Sweet potatoes not only provide many health benefits, beyond those noted below, they are sweet. When used in recipes, the natural sweetness in sweet potatoes minimizes the need to rely on refined and processed sugars. According to the Food and Drug Administration (FDA), a medium-sized potato has more calories, carbohydrates, and less fiber and calcium than a sweet potato of the same size.
Converts to Vitamin A to support vision, bone development and immune function.
Provides sustained energy throughout the day.
Helps increase fat burning potential, heal wounds and absorb iron.
Satiates appetite longer and regulates digestion.
Balances blood pressure and supports growth of muscle tissue.
Promotes nutrient absorption, thyroid function, and bone development.
North Carolina is #1. According to the North Carolina Sweet Potato Commission (NCSPC), our state supplies over 50 percent of our nation's sweet potatoes – and the majority of the produce is grown where our farm is located in Eastern North Carolina. Our state has been the top sweet potato grower since 1971.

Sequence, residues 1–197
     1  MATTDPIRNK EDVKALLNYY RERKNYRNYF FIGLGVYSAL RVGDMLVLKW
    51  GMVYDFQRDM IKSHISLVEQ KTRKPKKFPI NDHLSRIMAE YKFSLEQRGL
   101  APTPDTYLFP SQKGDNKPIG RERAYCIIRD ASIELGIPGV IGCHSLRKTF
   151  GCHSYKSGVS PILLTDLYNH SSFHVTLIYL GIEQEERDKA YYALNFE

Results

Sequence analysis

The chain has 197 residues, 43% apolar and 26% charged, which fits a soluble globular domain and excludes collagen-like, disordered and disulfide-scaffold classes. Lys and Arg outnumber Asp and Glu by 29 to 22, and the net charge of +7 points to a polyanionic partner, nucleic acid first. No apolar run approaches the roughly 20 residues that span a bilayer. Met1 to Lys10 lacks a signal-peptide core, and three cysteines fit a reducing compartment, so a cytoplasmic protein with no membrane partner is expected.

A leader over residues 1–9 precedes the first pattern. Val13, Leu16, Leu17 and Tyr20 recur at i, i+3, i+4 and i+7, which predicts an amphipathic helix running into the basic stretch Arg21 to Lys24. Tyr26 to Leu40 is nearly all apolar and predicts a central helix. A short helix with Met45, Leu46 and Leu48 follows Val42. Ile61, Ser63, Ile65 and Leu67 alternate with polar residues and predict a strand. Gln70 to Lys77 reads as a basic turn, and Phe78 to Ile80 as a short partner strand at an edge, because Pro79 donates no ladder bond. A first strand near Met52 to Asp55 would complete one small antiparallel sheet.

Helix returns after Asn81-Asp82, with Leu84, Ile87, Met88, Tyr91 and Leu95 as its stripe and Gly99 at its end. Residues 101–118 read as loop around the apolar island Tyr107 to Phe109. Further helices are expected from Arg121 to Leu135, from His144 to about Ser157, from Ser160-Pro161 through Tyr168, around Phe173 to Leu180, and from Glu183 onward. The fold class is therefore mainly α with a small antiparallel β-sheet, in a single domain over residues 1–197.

State Vegetable. The sweet potato has been North Carolina's official state vegetable since 1995.
Sweet potatoes are yams. Yams are root vegetables that are rough, scaly, and are low in beta carotene. Sweet potatoes have a smoother texture and have a high concentration of beta carotene. The USDA's food labeling requirements impose labels with 'yam' to appear with 'sweet potato' and this causes the confusion between the two.
Avoid the fridge. According to the NCSPC, storing sweet potatoes in the refrigerator changes the taste (unfavorably). Use a dry, ventilated storage container.
The versatility of this vegetable allows for dishes that can be sweet or savory.
Explore and share these sweet potato recipes.
Whether as a side dish or main course, this hash fits in at brunch or dinner. Simply omit the turkey to make this a vegetarian recipe.
For those who like a little kick, the hot bacon dressing and blue cheese coating these sweet potatoes has a double kick.
As a meal replacement or a post-workout snack, this one-step no-cook recipe packs as much nutrition as simplicity.